Support the news
With Nancy Cordes
Congress readies to take up a slew of new gun-violence measures in September. We look at what’s on the table and what gun laws states are passing on their own.
Cassandra Crifasi, professor of health policy and deputy director at the Johns Hopkins Center for Gun Policy and Research. (@DrCrifasi)
From The Reading List
Washington Post: "Opinion: There’s no magic bullet to prevent gun violence. But we can start with more oversight." — "It’s naive to think that any single policy or program can prevent every form of gun violence, ranging from intimate partner violence to gang drive-by homicides, suicides and mall-rampage atrocities. Yet each form of such violence involves one common mechanism: a gun.
"We can reduce these risks through a suite of evidence-based policies that do two things — create more careful licensing for gun purchasers and more effectively regulate teenage and young adult gun buyers.
"Better background checks for all sales provide the foundation for any effective gun policy. These measures are most effective when paired with a system that requires purchasers to obtain a license from law enforcement. Most states with purchaser licensing require applicants to submit fingerprints, as people must do when applying for occupational licensing. Fingerprint-based background checks are less likely to miss people who are legally barred from buying guns.
"Licensing also creates greater accountability, whereby sellers, both licensed and private, can only sell a gun to someone with a valid license. Many studies have found that purchaser licensing reduces homicide and suicide, as well as the number of guns available in an underground market. Sixty-three percent of current gun owners and 81 percent of non-owners support such requirements.
"We should also provide more stringent oversight of young people who wish to buy powerful weapons."
Vox: "Here’s where every 2020 candidate stands on guns" — "In response to the mass shootings in El Paso, Texas, and Dayton, Ohio, supporters of stricter gun laws have voiced a simple mantra: 'Do something!'
"So, after little federal action on guns for more than two decades, what would the 2020 presidential candidates actually do?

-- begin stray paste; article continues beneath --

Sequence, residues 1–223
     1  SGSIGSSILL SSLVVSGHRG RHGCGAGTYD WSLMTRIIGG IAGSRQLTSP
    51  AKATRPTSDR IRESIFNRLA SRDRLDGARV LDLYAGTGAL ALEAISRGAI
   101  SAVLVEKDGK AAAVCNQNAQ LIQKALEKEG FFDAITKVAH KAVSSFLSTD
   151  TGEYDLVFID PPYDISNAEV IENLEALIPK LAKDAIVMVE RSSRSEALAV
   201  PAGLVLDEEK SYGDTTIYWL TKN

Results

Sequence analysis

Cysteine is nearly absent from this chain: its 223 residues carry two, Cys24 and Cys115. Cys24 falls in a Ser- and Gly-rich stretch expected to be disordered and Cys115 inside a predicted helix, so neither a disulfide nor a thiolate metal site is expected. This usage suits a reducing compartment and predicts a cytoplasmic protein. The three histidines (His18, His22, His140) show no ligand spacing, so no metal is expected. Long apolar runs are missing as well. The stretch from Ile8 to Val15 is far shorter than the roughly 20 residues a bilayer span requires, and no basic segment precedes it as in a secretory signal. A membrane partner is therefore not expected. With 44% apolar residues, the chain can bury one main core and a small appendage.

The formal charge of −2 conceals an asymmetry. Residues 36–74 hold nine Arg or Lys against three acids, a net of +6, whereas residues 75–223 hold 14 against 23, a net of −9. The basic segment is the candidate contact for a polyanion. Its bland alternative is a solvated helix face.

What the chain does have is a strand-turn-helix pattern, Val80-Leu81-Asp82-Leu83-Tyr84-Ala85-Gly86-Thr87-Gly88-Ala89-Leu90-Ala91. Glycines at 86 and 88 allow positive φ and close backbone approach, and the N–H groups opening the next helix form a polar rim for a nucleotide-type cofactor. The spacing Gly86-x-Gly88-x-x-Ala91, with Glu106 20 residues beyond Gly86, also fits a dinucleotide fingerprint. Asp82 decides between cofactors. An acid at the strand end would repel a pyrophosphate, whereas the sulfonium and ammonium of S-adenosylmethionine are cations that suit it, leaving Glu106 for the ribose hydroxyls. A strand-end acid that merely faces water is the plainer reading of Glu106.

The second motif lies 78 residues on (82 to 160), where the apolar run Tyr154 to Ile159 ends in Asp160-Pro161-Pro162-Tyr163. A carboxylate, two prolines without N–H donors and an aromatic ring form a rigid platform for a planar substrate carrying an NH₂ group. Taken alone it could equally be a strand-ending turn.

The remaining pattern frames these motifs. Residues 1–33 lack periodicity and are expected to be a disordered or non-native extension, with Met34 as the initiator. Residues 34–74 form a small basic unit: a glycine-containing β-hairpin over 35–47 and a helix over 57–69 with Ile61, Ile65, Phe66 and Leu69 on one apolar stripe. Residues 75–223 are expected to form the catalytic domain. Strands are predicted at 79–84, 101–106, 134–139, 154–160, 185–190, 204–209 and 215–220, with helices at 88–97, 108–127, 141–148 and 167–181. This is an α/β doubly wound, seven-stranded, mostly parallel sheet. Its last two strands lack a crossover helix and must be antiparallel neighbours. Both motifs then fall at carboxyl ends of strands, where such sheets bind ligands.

"President Donald Trump, for his part, doesn’t seem interested in much. He has supported a federal red flag law, which would allow police to take away someone’s guns if there’s some proof of a risk of violence (a 'red flag'). But on other measures, from universal background checks to an assault weapons ban, Trump and Republican lawmakers have resisted, instead talking up questionable connections between violence, mental illness, and violent media.
"Democratic candidates, however, have taken more comprehensive stances on guns. For the most part, they’re sticking to common Democratic themes like universal background checks, an assault weapons ban (which is typically paired with a ban on high-capacity magazines), and federally funded research into gun violence. But the campaigns’ plans do include some new ideas here and there — including red flag laws, which campaigns ranging from Cory Booker’s to John Delaney’s back, and requiring a license to buy and own a gun, which Booker in particular brought to the presidential stage but others, like Elizabeth Warren and Pete Buttigieg, also support."
Axios: "White House and Congress say it's 'September or bust' on gun legislation" — "If new gun legislation doesn't pass in September, it won't get done before the 2020 election, sources involved in the talks between the White House and Capitol Hill tell Axios.
"The bottom line: 'It's September or bust,' said a source involved in the discussions. 'We'll either have everything ready for when Congress returns, drop it on the floor, vote on it and move on — or we blow it.'
"The state of play: The president genuinely wants to expand background checks, according to White House and Hill officials. He's directed the Domestic Policy Council and Office of Legislative Affairs to provide him with options for a reform package, these sources said.